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EAST LOTHIAN

Description from The National Gazetteer of Great Britain and Ireland (1868)

"HADDINGTON, (or East Lothian), a maritime county, commonly called East Lothian, in the S.E. of Scotland. It is bounded on the W. and N.E. by the German Ocean, on the N. and N.W. by the Firth of Forth, on the S. and S.E. by county Berwick and the Lammermuir hills, and on the S.W. by county Edinburgh. It extends between 55° 47' and 56° 5' N. lat., and 2° 22' and 3° 1' W. long. Its greatest length from E. to W. is near 26 miles, and its greatest breadth 17. Its area is computed at 272 square miles, or 174,080 acres, of which about 35,000 acres are waste land, and 6,000 are plantation. It has a low rocky coast of about 35 miles, the principal places along which are Dunbar, Haddington, Preston Pans, North Berwick, Aberlady Bay, near the embouchure of the river Peffer into the Forth, Belhaven Bay, Whitberry Head, Ravensheugh Craig, and Tantallon Castle; the islands of Scarr, Craigleith Lamb, Fidra, and the Bass Rock. East Lothian was the ancient territory of the Ottadini, who remained in undisputed possession until about a century after the departure of the Romans, when the Saxons from Northumbria, having made a descent, conquered the territory and annexed it to their kingdom. In 1020, it was wrested from its new masters by the Scots, and in the time of David I. and Malcolm IV., Haddington became a favourite royal retreat. In 1216 King John ravaged the county; and in 1296 the memorable siege of Dunbar took place. Two years later Dirleton became the, scene of a severe contest between Wallace and Edward I. From this period to nearly the middle of the 15th century, the county of Haddington was the scene of continual warfare. In 1544 the Earl Somerset entered the county, destroyed Seaton Castle, and sacked and burned the towns of Haddington and Dunbar. Three years later the Protector and Lord Grey wasted and ruined the county throughout, and it was subject to the English till 1590, when a treaty was signed. In 1653 Cromwell overran and became complete master of the whole county. The final historical event in connection with Haddington, was the battle of Preston, in which Prince Charles, in 1745, obtained his victory over Cope. This county contains 24 parishes and two quoad sacra parishes, composing the presbytories of Haddington and Dunbar. The royal and parliamentary boroughs are Haddington, the county town, Dunbar, and North Berwick. The number of Free Church congregations is 14, and there are 9 Presbyterian dissenting bodies of different denominations, and one Episcopal chapel. The number of inhabited houses in 1851 was 6,444, and the population in that year 36,386. In 1861 the houses were 6,841, and the population 37,623. It sends one member to parliament for the county, exclusive of Jedburgh and Lauder, which join with the above boroughs in sending another. The government of the county is confided to a lord-lieutenant, vice lieutenant, and 35 deputy-lieutenants, a sheriff, and sheriff's substitute. There are 11 police districts in the county, having stations at Haddington, Athelstaneford, North Berwick, Dirleton, Linton, Tynningham, Stenton, Dunbar, Gifford, Garvald, East Salton, Pencaitland, Tranent, Ormiston, Gladsmuir, Preston Pans, Oldhamstocks, Aberlady, Gulane, and Humbie. Geographically the county is divided into the highland and lowland districts, the former being the southern division, including the spurs of the Lammermuir hills; the latter the northern, where the surface gradually slops towards the shores of the Forth. Sparleton Hill, North Berwick Law, and Trapraine Law, are among the chief elevations. The Tyne, though but a small stream, is the principal "water." It issues from Mid-Lothian, and, entering the county in the W., receives the Armot, Salton, and Gifford waters, and falls into the sea near Tynningham House. The other streams worthy of notice are the Calstone, Biel, Whitewater, Fastna, and the Peffer. The Danskine and Presmennan lochs are the only lochs of any size; the latter is an artificial shut of water. There are medicinal springs in the parishes of Spott, Pencaitland, and Humbie. The principal geological formations are the Old Red sandstone and carboniferous limestone, with granular quartz, mostly resting upon transition rocks. Graywacke enters largely into the composition of the Lammermuir hills, and a class of clinkstone is met with at the Garleton Hills; also, red trap at Dunbar harbour, and basalt and hornblende at Whiberry Head and Ravensheugh Craig. The coal-fields in the western part of the county belong to the great central coal-fields of Scotland. The surface also affords a supply of fire-clay, shale, ironstone, sandstone, and potter's clay. Like most hilly countries, the climate of Haddington is very variable. Snow and piercing winds often retard the crops of the highlands for three weeks, or even a month, behind the vegetation of the lowlands. The soil near the coast is a red loam, which is extremely productive, but in the hilly districts the land becomes moorish, interspersed with rich valleys. The district of the Tyne valley is one of the most prolific spots in the East Lothians. It has been so from a very early period, but was held in a state of villanage till even modern times. Foremost among the cultivators of the land were the monks, who, as early as the 13th century, were very skilful in the management of extensive orchards. Wheat, beans, turnips, and parsnips, constitute the principal crops. In the hilly districts the breeding of cattle occupies the principal attention of the farmer. The favourite breeds are the Leicester and Cheviot sheep, and the short-horned Teeswater cattle. The farmers are intelligent, adopting modern improvements, and paying so much attention to drainage; &c., that the system of farming pursued in the East Lothians has become celebrated throughout Europe. The farms average from 200 to 600 acres in extent, and are rented on leases varying from 19 to 21 years. The fisheries of the county have degenerated of late, and occupy but a very trifling proportion of the inhabitants, the great business of the county being agriculture. The coal-fields and quarries give employment to a few, and there are potteries at Preston Pans, where salt was formerly worked. There are numerous handsome residences throughout the county. Among them may be mentioned Yester House, of the Marquis of Tweeddale; Coalston, of the Marquis of Dalhousie; Tynningham, of the Earl of Haddington; Dunbar, of the Earl of Lauderdale; Gosford, of the Earl of Wemyss; Hermanston, of Lord Sinclair; Smeaton, of Hepburn, Bart.; Newbyth, of Baird, Bart.; North Berwick House, of Hew Dalrymple, Bart.; Kilmorton, of Kinloch, Bart.; Fountain Hall, of Lauder, Bart.; Stevenson, of Sinclair, Bart.; Lochend, of Warrender, Bart.; Dunglass, of Hall; Bart.; besides Clerkington, Biel, Whittinghame, Preston Hall, Salton, Belton, Spott, Lethington, Winton Hall, Dummore, Northfield, Thurston House, and several others. Basil Hall was born at Dunglass, Alexander II. at Haddington, Fletcher at Salton. Lethington was the birth-place of Secretary Maitland, and Preston Kirk of Rennie, the engineer. Till very recently few countries were so badly off for roads as Haddington; and in 1848 it had but one savings-bank. There are now roads from Tranent to Gladsmuir, Haddington, Linton, Dunbar, Cockburnside, and Berwick; from Tranent to Preston Pans, Aberlady, Dirleton, North Berwick, and also from the same point to Pencaitland, Gifford, Dunse by Sayr's Law, and thence to Berwick. The North British railway enters the county near Fallside, and, passing by Tranent and Preston Pans, takes a N.E. direction. It sends off branches to Haddington and North Berwick. The remains of antiquity are numerous and interesting, comprising British, Roman, Danish, Saxon, and Norman works; as encampments and tumuli at Garrald, Bolton, Carfrae, Innerwick, Inveresk, Ormiston, Whittingham, and Humbie; feudal castles, as Innerwick of the Hamiltons, Tantallon of the Douglases, Yester of the Giffards, Dunglass of the Homes, Dirleton of the Halyburtons, Dunbar of the earls of March, Wintoun of the Setons; also Dolphington, Elphington, and the Bass; a priory at North Berwick, and a nunnery at Garrald.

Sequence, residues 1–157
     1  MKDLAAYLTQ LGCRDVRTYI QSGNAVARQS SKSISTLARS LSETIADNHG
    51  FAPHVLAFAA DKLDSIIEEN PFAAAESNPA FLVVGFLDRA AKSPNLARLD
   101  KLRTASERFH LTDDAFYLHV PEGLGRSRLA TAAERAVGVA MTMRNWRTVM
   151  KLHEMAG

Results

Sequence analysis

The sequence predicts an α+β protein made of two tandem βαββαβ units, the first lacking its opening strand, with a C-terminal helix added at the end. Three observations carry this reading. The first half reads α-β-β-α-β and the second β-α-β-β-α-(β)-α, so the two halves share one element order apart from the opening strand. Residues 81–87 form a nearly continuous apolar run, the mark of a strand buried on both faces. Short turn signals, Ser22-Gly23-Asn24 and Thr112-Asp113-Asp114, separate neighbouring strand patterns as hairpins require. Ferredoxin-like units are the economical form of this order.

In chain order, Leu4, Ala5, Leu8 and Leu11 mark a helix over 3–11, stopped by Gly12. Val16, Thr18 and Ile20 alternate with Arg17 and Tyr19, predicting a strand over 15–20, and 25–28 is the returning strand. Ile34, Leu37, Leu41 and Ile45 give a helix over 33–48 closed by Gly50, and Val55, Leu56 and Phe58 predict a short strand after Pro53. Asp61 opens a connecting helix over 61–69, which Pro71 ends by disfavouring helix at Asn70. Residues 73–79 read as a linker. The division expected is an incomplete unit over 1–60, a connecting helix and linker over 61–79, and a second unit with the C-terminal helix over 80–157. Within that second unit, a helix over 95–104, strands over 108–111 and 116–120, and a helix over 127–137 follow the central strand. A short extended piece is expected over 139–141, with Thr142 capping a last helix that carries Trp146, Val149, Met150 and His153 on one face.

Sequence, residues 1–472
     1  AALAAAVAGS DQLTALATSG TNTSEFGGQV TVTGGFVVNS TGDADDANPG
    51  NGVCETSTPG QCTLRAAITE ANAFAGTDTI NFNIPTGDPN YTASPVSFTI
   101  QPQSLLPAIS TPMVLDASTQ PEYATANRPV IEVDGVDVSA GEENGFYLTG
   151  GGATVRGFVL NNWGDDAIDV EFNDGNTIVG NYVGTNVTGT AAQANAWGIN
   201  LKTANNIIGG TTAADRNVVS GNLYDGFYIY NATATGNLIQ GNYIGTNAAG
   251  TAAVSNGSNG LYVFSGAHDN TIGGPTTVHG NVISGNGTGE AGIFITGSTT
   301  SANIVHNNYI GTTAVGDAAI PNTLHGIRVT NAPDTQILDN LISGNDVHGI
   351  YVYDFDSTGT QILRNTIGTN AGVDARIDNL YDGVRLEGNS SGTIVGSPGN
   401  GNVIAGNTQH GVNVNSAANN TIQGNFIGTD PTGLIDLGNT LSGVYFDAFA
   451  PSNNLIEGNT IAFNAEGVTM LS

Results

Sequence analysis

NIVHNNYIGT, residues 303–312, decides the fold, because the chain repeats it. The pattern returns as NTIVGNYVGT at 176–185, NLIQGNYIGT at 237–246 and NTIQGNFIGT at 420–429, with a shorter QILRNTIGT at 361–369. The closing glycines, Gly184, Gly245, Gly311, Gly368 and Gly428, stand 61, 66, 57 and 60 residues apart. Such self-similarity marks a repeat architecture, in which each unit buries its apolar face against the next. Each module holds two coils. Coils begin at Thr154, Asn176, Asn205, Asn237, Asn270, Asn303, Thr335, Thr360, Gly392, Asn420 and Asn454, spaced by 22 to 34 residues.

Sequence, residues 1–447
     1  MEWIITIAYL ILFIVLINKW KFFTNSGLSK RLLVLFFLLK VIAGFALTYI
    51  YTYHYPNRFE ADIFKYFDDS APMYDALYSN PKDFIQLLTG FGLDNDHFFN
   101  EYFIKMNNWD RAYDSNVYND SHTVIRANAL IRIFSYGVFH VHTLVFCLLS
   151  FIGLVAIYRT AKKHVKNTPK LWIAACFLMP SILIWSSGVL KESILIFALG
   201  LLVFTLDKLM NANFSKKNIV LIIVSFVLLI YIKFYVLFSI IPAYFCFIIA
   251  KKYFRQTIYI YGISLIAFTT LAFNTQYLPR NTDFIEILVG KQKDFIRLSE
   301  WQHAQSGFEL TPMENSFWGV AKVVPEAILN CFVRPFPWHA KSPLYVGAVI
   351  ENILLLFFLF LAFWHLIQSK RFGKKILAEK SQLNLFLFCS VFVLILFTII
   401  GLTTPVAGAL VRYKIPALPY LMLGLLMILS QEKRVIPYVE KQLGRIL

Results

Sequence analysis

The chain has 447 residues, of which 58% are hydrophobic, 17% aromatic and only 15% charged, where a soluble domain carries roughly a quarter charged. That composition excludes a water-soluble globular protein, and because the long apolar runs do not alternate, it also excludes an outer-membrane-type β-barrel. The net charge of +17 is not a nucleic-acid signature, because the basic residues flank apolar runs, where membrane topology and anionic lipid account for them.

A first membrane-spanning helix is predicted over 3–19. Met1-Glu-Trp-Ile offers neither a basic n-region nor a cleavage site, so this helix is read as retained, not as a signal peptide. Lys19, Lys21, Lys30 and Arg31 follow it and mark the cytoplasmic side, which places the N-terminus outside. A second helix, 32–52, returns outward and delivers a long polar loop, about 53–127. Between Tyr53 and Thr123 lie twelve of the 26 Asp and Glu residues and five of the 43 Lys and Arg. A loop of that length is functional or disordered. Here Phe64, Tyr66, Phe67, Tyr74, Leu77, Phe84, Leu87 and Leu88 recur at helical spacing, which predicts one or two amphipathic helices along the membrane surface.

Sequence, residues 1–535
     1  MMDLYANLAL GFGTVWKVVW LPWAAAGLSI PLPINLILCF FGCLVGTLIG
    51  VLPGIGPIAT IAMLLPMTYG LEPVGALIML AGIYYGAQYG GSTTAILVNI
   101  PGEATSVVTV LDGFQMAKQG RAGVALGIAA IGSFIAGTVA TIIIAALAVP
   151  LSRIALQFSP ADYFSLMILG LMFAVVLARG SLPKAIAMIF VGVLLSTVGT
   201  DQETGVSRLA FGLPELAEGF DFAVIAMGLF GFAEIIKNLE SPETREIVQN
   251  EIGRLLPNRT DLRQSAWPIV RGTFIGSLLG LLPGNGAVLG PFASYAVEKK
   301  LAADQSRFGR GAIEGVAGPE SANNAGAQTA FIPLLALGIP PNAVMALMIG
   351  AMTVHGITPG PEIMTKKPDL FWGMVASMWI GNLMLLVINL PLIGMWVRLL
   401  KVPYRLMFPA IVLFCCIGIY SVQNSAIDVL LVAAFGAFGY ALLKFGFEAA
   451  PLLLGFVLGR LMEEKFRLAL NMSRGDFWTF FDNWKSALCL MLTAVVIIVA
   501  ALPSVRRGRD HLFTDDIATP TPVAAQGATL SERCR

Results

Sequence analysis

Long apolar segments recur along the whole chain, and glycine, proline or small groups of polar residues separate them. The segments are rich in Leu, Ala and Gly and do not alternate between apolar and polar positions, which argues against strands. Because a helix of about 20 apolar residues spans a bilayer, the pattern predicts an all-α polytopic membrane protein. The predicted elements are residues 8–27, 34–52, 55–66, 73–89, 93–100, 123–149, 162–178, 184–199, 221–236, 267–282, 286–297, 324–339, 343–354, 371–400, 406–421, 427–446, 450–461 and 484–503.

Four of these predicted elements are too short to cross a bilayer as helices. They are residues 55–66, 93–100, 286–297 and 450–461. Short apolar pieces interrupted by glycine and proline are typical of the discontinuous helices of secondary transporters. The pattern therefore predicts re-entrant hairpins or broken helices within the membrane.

[Description(s) from The National Gazetteer of Great Britain and Ireland (1868)
Transcribed by Colin Hinson ©2003]